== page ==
Shares in the Grafton Group (LSE: GFTU) are sliding today after the company reported a strong performance for the three months ended 31 October 2017.
The international merchanting and DIY group reported revenue growth of 9.1% for the 10 months to 31 October. The increase in constant currency terms was 6.9% as the overseas business outperformed domestic ops. Management blamed this on the market environment noting “pricing remains competitive going into the year-end” as demand “softened” in October. Meanwhile, the outlook for the group’s Irish business is only improving as construction is recovering from “a low base,” and it will “require several years for supply to meet ongoing demand.“
For the rest of the year, Grafton’s management believes, “current trading conditions in the UK merchanting business are likely to continue.”
However, according to Gavin Slark, Chief Executive Officer, as the UK arm struggles, “the Irish and Netherlands businesses should benefit from favourable trading conditions and strong market positions.“
So overall, it looks as if the Grafton group will continue to grow steadily in the years ahead, extending its run since 2012. Since year-end 2012 to year-end 2016, earnings per share have surged 216% as pre-tax profit has jumped 356%. For the next two years, City analysts are forecasting earnings growth of 9% per annum as growth in the Irish business offsets sluggish growth elsewhere.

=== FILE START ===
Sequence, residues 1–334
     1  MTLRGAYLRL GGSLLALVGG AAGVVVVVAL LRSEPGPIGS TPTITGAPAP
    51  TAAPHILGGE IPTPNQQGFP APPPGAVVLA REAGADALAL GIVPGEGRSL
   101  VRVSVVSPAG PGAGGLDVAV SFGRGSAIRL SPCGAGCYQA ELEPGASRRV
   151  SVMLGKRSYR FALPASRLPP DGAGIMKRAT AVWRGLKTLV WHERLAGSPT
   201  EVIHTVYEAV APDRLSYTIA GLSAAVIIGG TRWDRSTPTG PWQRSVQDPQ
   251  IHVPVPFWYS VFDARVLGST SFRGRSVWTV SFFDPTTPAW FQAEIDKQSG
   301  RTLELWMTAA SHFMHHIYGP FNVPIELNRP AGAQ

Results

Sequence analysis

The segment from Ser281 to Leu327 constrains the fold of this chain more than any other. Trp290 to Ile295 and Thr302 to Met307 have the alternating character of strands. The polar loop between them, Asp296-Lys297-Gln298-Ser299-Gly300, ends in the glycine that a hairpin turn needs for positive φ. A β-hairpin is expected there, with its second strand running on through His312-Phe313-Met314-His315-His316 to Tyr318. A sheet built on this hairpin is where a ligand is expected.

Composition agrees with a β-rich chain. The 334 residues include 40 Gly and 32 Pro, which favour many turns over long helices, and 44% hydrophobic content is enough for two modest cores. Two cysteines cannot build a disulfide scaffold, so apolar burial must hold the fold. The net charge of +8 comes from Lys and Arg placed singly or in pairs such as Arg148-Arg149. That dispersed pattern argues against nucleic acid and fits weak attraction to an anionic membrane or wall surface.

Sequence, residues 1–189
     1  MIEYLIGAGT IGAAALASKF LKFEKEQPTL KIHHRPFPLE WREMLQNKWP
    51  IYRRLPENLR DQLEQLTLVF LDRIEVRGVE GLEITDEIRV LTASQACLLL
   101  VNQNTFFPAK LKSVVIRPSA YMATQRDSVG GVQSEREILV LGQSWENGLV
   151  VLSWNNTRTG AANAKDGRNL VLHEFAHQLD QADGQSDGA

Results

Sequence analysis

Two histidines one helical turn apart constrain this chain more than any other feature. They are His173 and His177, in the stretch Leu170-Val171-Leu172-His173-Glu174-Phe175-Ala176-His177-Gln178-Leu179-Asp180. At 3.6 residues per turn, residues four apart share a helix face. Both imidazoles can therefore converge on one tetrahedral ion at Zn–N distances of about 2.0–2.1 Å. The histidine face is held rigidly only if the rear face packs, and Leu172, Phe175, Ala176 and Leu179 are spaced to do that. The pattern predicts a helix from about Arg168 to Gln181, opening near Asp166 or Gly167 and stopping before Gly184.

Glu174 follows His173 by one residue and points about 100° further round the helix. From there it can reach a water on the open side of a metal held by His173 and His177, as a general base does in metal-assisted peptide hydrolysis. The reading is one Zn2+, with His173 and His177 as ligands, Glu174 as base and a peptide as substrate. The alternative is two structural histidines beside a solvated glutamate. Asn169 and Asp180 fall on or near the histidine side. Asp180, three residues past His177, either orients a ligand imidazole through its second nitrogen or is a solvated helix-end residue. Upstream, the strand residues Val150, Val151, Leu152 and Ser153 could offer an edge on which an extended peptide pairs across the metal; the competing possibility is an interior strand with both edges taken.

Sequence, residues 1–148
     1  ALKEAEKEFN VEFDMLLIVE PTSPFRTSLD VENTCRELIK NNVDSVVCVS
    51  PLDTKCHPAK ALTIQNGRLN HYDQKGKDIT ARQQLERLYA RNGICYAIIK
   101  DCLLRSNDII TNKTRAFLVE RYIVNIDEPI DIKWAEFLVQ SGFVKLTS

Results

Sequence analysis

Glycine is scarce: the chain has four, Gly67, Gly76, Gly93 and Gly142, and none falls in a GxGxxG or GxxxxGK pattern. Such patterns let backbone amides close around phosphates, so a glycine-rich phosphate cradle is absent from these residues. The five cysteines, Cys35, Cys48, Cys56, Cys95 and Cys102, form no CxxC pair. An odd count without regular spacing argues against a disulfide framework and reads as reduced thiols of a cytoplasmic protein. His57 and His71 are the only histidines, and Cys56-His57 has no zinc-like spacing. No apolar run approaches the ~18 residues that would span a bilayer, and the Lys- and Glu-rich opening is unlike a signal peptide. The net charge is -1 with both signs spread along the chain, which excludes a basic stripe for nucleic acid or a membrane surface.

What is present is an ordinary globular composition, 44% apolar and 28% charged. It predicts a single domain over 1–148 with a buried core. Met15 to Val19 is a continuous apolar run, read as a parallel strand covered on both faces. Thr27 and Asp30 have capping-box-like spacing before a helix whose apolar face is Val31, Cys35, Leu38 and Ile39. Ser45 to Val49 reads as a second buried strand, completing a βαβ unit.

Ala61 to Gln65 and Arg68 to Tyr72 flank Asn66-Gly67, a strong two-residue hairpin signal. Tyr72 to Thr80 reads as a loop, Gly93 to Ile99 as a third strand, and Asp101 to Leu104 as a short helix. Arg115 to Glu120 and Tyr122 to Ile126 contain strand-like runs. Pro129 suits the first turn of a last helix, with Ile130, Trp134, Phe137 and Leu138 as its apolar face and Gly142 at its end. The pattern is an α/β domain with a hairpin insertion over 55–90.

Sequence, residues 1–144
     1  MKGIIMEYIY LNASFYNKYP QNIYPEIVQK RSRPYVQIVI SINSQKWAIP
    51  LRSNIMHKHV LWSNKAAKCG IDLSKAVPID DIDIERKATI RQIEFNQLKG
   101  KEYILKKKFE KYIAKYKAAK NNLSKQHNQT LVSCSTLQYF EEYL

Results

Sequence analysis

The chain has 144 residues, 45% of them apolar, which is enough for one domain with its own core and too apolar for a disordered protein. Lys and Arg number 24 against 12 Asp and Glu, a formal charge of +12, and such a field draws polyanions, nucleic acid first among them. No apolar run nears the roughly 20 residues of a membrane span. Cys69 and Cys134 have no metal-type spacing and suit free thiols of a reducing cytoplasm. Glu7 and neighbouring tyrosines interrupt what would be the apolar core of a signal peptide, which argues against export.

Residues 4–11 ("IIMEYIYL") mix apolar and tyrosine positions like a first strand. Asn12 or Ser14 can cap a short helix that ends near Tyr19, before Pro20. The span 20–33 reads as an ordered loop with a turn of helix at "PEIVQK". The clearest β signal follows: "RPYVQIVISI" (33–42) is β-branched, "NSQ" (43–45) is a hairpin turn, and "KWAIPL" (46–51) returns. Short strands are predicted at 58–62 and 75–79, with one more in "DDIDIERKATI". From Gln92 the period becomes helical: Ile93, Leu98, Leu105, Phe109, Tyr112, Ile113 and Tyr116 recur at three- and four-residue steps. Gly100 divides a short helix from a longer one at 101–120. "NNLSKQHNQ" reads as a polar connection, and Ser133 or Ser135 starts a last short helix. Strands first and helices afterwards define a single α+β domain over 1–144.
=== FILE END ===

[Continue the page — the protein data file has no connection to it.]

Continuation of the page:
Based on Grafton’s historical growth, and the company’s future potential, its valuation of 15.9 times forward earnings looks highly attractive to me. The shares also offer a dividend yield of 1.8%, which is covered 3.5 times by forward earnings, giving plenty of room for future rises.
Hidden growth stock
If Grafton is not for you, Rolls-Royce (LSE: RR) might be a better buy. Rolls-Royce has struggled over the past few years, but the company now looks to be getting back on track to growth.
Today the group provided a trading update on its performance during the third quarter. Reaffirming comments made at the time of the half-year figures, and Chief Executive Warren East said: “We have made steady progress in the second half of the year. In Civil Aerospace, we continue to achieve our key targets for customer deliveries while managing in-service issues. Defence Aerospace and Power Systems are also performing satisfactorily, although Marine continues to be impacted by weak demand for products and services for the off-shore oil and gas market. Overall, while we have a good deal left to do in the last two months of the year, our performance for 2017, for revenue, profit and free cash, remains on track.“
For the full year, analysts are expecting the company to report earnings per share of 35.5p, up 18% year-on-year. Next year, earnings are expected to expand 11% to 39.4p. Based on these numbers, the shares are trading at a forward P/E of 28.5, which might seem expensive but based on the firm’s double-digit earnings per share growth, and an order book of £83bn (nearly six years of revenues) this valuation appears appropriate.
That being said, the company’s dividend yield of 1.3% leaves much to be desired, although it’s more than most high-street bank’ offer on savings accounts today.
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Rupert Hargreaves owns no share mentioned. The Motley Fool UK has no position in any of the shares mentioned. Views expressed on the companies mentioned in this article are those of the writer and therefore may differ from the official recommendations we make in our subscription services such as Share Advisor, Hidden Winners and Pro. Here at The Motley Fool we believe that considering a diverse range of insights makes us better investors.